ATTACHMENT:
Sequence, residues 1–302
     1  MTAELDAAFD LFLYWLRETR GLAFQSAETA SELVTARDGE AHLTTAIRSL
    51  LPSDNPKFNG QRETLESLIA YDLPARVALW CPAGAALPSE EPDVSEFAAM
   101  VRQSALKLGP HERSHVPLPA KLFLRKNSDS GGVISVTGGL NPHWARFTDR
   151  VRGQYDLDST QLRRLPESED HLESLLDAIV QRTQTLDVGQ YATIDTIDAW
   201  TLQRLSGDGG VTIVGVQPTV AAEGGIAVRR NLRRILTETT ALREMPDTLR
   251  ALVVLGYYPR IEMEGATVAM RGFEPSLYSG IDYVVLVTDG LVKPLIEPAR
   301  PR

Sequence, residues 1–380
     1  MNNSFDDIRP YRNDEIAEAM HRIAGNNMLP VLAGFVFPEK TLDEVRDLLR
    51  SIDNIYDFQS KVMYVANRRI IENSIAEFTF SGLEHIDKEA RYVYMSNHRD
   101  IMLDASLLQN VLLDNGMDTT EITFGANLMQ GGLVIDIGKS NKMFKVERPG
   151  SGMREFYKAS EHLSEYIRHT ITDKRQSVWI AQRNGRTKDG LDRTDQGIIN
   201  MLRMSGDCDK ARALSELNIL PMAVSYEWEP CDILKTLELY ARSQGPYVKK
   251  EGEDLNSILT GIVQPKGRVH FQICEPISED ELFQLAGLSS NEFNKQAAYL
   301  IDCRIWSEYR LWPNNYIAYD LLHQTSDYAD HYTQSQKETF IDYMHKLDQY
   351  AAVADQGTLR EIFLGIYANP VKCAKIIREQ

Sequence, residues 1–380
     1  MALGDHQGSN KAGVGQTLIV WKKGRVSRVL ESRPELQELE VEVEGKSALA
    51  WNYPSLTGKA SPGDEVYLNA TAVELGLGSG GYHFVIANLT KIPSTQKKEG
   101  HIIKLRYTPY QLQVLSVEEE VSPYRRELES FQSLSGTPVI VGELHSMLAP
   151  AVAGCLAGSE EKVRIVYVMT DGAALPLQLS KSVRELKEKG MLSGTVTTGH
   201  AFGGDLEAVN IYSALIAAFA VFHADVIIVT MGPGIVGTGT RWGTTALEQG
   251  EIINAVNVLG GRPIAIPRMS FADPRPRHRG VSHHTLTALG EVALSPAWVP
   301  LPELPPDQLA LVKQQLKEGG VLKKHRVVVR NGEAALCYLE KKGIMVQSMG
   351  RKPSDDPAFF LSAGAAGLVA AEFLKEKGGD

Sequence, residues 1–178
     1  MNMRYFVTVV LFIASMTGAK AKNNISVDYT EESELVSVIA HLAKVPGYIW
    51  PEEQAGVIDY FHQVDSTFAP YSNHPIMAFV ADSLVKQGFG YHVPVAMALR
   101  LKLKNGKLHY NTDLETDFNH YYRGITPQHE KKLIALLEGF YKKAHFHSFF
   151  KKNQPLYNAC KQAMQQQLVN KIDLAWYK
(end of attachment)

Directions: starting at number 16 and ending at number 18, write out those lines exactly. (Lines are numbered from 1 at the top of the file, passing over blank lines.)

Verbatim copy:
   301  IDCRIWSEYR LWPNNYIAYD LLHQTSDYAD HYTQSQKETF IDYMHKLDQY
   351  AAVADQGTLR EIFLGIYANP VKCAKIIREQ

Sequence, residues 1–380